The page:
WHAT DOES A SPECIAL NEEDS TRUST PROVIDE?
A general support special needs trust can pay for virtually any service needed by the beneficiary. These supplemental trusts, however, have stringent rules on how distributions can be made to a beneficiary.
It is assumed that the person receiving government benefits has his or her most basic needs provided. The trust is intended to supplement or fill in any gaps in coverage and, occasionally, those gaps might broadly be categorized as housing, food or clothing.
Common special needs trust disbursements include:
- Recreational and vocational activities
- Hobbies and vacations
- Educational and training opportunities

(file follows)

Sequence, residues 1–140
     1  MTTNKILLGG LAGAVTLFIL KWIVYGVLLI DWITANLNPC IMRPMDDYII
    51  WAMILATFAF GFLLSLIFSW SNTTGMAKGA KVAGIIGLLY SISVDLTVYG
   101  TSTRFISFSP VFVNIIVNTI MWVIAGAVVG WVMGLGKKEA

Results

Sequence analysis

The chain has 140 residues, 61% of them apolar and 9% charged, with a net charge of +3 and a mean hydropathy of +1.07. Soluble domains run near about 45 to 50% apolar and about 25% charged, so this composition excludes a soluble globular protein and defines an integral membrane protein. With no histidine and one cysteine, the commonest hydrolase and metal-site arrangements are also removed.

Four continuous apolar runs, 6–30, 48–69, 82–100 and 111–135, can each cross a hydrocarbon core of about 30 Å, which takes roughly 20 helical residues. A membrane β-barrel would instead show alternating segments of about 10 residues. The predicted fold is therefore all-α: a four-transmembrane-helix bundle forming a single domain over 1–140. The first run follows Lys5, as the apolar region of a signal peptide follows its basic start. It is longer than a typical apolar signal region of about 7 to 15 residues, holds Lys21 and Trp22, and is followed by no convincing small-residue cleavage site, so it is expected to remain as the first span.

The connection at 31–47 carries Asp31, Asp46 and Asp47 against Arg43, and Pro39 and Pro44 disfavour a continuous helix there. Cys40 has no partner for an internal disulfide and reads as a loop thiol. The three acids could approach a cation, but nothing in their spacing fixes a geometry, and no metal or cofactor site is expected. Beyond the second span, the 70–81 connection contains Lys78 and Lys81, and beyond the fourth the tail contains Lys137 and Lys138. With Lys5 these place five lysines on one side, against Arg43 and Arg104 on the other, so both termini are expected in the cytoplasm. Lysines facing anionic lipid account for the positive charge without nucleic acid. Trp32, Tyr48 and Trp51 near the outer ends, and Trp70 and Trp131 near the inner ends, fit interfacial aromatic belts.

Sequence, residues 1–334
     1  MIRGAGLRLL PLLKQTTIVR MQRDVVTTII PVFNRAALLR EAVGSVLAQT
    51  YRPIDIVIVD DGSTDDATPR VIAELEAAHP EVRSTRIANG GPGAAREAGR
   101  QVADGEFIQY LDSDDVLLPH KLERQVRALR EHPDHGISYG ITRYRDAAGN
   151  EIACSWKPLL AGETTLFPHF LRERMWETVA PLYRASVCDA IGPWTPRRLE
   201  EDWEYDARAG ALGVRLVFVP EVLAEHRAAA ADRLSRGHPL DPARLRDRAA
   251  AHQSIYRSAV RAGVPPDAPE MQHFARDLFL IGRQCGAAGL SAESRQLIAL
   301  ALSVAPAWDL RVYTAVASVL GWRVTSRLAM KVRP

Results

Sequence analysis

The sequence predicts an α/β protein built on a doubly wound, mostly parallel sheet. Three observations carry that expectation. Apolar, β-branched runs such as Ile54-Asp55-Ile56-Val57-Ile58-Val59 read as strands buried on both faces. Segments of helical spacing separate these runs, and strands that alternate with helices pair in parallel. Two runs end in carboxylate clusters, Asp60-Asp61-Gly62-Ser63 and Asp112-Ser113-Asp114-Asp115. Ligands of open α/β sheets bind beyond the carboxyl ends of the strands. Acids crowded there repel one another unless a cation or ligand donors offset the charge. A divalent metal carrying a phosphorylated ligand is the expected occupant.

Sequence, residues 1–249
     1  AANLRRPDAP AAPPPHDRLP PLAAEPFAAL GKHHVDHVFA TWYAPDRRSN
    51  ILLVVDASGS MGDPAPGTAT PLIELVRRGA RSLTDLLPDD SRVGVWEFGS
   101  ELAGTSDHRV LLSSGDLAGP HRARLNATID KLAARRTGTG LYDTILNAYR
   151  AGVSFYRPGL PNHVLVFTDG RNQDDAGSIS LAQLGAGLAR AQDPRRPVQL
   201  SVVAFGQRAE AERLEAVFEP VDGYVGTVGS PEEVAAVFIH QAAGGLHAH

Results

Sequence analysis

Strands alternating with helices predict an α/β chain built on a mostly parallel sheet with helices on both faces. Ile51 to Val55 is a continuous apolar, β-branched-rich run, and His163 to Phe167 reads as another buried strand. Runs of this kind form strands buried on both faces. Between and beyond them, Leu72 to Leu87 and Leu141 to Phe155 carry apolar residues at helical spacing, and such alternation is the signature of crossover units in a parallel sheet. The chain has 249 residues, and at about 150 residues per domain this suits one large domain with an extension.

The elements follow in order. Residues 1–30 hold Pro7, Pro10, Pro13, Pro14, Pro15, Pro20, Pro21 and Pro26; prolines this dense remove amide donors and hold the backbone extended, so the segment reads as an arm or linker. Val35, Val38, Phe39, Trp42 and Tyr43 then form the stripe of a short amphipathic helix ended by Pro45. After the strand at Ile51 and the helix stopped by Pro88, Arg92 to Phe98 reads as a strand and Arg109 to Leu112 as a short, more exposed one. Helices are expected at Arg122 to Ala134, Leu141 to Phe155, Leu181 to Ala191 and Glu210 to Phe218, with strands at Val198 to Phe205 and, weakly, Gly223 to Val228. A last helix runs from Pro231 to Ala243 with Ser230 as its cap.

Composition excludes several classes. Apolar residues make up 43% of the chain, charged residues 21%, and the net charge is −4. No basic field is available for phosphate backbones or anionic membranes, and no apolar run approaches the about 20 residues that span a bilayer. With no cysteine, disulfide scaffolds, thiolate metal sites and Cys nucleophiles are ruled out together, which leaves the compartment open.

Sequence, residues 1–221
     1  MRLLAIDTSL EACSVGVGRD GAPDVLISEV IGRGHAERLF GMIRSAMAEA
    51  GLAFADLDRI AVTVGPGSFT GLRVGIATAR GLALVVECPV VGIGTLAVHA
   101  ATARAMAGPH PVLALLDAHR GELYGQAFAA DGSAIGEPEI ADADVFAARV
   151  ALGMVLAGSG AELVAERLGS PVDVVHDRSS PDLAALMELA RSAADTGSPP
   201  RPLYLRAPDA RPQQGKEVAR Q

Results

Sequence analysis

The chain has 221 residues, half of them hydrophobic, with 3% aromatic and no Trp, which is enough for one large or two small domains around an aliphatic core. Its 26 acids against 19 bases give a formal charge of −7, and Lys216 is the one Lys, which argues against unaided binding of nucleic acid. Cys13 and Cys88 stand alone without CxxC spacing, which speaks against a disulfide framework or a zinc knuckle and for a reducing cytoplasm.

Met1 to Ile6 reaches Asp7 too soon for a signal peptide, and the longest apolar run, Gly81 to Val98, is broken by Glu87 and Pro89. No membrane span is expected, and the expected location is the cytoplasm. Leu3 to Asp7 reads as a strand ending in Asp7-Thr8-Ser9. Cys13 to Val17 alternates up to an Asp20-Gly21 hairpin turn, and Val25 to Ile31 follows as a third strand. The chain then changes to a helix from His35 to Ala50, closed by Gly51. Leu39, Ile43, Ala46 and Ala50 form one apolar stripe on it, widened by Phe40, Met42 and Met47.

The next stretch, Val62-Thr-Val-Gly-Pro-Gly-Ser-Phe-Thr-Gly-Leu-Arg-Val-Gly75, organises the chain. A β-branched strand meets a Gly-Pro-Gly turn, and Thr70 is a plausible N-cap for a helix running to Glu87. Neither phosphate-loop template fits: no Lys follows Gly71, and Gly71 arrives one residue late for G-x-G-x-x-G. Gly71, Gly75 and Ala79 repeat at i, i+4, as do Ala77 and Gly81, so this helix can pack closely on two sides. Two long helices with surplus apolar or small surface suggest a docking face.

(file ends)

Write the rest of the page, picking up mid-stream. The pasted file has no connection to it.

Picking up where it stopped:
- Communications equipment or computers
- Professional services, including attorneys, accountants and claims processors
- A pet, veterinary services, food and supplies
- Medical costs not covered by Medicaid, such as vitamins and massages
As long as the items do not jeopardize eligibility for governmental programs and have a direct benefit for the beneficiary, the trustee may consider making distributions to provide a quality of life that suits the individual.